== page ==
Telstra reveals homegrown content delivery network


Telco to cache content closer to subscribers.

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Telstra has rolled out a new content delivery network (CDN) across its Next IP network, and plans to extend its content distribution using a dozen small data centres spread throughout Australia's major cities.

A CDN is a series of servers and, in this case, solid state storage devices spread to the edges of a broadband network which is used to provide subscribers with lower-latency access to popular content.

Many ISPs have chosen to partner with global providers of CDN networks, such as Akamai, EdgeCast and Limelight networks.

Telstra's new CDN was built over the past nine months using Cisco networking equipment.

Michael Lawrey, executive director of network and technology at Telstra Operations said the carrier chose to build its own CDN to provide flexibility and save on backhaul costs, whilst providing a superior experience to subscribers.

"This distribution network enhances the customer experience and provides lower network latency," Lawrey said.

Telstra "will save on backhaul because we only pull content across the network once, distributing it as close to the customer as we can," he said.

"We also have flexibility building our own CDN that we wouldn't have with the likes of Akamai," he said.

It could, for example, be used to respond to flash points in demand, such as a very popular sporting event in a given region.

Initially, the content delivery network will be used to provide better access to multimedia content. But Lawrey said that in future, it could be used for location-based advertising -- serving different ads depending on a user's location or preference.

Investment in small exchange data centres

The telco also announced plans to spend $14 million building out twelve "network media centres" -- small data centres housed within telephone exchanges -- across Australia's major cities over the next three to five years.

These network media centres will be located at existing ethernet aggregation points that Telstra has built for its Next IP network. There are a further 147 such aggregation points, should the telco see stronger than expected demand for its media content distribution.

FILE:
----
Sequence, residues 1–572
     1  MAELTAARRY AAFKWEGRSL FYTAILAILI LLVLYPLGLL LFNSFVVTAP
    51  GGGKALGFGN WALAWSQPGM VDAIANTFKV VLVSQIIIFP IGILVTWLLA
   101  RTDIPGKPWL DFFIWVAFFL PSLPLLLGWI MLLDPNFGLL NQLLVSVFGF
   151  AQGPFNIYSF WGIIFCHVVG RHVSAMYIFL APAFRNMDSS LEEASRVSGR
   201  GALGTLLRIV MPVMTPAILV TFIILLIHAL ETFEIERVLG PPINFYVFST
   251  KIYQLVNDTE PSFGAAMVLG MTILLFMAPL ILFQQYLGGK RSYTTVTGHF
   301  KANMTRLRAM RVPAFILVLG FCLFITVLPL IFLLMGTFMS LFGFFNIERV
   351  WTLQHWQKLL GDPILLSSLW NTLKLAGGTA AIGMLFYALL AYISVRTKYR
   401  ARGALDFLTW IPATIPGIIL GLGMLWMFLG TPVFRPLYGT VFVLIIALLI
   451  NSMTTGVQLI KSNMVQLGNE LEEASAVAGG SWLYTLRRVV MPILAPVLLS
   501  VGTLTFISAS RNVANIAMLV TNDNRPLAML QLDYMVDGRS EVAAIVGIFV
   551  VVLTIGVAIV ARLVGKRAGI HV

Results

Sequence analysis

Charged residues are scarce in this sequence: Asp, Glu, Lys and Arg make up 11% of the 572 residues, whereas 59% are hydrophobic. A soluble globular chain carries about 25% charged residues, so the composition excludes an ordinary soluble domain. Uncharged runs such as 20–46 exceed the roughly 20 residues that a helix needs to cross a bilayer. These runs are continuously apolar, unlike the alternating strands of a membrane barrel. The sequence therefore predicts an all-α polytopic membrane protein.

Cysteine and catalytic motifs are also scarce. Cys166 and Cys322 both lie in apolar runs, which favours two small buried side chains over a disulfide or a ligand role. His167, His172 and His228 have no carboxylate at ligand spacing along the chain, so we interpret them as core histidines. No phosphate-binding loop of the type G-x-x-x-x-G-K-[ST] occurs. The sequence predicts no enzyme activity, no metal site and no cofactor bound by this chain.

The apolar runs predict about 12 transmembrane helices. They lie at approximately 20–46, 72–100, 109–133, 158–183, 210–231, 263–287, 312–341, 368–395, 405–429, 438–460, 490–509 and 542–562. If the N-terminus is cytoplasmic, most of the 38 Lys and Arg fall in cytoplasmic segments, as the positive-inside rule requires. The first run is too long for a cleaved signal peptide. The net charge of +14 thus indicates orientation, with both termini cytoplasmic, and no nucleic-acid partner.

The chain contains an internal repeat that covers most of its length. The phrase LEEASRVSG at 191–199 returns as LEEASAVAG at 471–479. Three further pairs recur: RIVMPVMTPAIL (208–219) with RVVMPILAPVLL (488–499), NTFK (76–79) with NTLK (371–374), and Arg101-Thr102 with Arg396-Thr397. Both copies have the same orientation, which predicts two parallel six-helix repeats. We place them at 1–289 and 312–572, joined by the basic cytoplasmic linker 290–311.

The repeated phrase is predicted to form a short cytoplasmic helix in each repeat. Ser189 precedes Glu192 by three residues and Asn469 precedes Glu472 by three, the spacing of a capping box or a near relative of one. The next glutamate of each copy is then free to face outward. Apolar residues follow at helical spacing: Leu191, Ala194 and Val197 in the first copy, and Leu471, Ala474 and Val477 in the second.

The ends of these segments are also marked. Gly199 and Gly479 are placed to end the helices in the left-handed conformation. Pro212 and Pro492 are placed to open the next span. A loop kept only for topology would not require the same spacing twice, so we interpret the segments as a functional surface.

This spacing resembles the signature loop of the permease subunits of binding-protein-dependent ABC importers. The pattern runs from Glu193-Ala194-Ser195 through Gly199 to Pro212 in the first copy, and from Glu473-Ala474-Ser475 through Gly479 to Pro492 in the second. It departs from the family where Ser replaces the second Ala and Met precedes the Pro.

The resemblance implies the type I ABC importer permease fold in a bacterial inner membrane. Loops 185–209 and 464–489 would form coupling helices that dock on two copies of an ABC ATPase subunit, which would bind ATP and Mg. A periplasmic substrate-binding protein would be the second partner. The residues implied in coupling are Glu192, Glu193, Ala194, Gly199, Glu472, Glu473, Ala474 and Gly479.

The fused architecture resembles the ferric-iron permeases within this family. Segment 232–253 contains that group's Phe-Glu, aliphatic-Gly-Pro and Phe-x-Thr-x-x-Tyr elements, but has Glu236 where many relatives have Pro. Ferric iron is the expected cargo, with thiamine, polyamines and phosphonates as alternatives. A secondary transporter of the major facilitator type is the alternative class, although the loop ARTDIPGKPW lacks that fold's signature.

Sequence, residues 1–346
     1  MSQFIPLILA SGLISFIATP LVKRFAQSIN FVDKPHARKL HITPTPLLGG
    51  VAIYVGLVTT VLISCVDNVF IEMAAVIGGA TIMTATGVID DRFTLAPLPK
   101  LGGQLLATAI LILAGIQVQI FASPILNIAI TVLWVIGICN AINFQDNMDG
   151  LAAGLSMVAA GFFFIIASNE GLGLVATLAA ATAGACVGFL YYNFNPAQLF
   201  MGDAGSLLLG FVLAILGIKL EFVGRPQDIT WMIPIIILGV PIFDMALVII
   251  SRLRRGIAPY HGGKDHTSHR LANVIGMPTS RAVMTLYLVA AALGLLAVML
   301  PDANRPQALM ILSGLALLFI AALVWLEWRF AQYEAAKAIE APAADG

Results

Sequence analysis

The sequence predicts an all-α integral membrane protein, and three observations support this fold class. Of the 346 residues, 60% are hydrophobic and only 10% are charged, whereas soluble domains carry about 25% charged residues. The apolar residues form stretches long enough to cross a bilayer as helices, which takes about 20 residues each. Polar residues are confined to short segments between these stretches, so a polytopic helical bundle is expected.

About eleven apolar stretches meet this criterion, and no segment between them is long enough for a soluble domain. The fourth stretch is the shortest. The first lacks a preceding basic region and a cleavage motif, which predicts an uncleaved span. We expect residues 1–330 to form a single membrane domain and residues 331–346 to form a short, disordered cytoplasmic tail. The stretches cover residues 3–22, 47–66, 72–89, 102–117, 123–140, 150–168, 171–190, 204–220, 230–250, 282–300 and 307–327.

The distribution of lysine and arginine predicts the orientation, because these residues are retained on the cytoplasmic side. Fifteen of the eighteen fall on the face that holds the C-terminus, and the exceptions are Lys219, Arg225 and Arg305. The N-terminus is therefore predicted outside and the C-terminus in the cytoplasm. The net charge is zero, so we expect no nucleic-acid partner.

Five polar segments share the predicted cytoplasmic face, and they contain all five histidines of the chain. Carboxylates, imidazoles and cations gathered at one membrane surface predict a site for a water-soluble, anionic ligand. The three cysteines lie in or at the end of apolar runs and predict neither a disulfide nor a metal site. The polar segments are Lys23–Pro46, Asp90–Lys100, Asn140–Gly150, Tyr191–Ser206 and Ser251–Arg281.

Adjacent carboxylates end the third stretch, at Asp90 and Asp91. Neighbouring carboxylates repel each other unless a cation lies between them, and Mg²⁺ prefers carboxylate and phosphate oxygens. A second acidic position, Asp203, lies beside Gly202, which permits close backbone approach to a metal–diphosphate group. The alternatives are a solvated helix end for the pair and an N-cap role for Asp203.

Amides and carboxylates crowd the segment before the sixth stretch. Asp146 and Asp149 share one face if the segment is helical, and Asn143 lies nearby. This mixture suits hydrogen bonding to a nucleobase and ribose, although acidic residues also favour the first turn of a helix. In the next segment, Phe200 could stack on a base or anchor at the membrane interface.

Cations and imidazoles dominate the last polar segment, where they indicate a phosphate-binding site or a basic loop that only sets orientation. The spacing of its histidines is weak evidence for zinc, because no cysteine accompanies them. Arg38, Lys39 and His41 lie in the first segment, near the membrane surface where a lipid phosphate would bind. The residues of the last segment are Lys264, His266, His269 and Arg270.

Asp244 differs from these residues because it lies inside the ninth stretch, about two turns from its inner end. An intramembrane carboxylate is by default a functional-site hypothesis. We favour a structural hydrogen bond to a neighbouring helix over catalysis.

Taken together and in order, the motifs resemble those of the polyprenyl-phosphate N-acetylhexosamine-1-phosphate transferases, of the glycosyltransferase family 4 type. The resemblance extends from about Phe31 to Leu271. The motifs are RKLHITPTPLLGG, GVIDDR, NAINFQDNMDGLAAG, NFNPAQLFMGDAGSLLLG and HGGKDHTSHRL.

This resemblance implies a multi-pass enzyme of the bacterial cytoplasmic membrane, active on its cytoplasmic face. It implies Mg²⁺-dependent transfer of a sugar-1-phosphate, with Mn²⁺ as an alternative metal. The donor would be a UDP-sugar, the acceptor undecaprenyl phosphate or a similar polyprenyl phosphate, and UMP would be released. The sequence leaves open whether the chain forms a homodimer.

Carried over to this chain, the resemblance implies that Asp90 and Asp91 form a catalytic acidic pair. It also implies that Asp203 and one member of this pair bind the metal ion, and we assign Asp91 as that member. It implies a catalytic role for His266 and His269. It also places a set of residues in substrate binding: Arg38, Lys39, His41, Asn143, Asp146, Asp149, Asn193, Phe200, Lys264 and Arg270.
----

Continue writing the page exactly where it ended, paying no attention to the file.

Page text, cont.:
"We are leveraging the latest cloud technology such that you can turn up and down capacity," Lawrey said. "We could turn another on in a 90-day cycle."

The first of these network media centres has been kitted out in the Sydney CBD enclave of Haymarket, with another under construction in Lonsdale, Melbourne.

The Haymarket prototype features up to 24 server and storage racks and two racks of network kit, capable of running at between 15kW to 30kW per rack, housed within a 35 square metre room kitted out with hot aisle containment and overhead cooling. The modular, pod-based design means that network equipment and servers/storage can be wheeled in and out with relative ease.

Telstra will house firewalls, database servers, app servers, web servers and storage within these racks.

Lawrey said these small distributed data centres can be used for content services alongside the CDN, but also to regionalise cloud compute services being offered from Telstra's two largest data centres.

"We could, for example, distribute our cloud services from these network media centres should a State Government have a requirement to have their data served from within their borders," he said.

Telstra chief operating officer Michael Rocca said it was too early to reveal how the telco will "seek to monetise" the CDN and network media centres.

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